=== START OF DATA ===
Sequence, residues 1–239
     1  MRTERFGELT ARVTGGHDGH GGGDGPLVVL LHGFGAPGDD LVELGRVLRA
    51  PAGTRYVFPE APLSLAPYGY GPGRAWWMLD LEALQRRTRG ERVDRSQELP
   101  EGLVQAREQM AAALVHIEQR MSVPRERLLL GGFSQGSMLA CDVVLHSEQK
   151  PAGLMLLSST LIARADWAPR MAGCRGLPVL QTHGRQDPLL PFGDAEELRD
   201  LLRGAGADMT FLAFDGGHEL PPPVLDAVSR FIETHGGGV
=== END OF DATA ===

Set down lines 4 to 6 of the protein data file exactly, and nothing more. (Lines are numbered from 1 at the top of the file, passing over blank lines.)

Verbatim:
   101  EGLVQAREQM AAALVHIEQR MSVPRERLLL GGFSQGSMLA CDVVLHSEQK
   151  PAGLMLLSST LIARADWAPR MAGCRGLPVL QTHGRQDPLL PFGDAEELRD
   201  LLRGAGADMT FLAFDGGHEL PPPVLDAVSR FIETHGGGV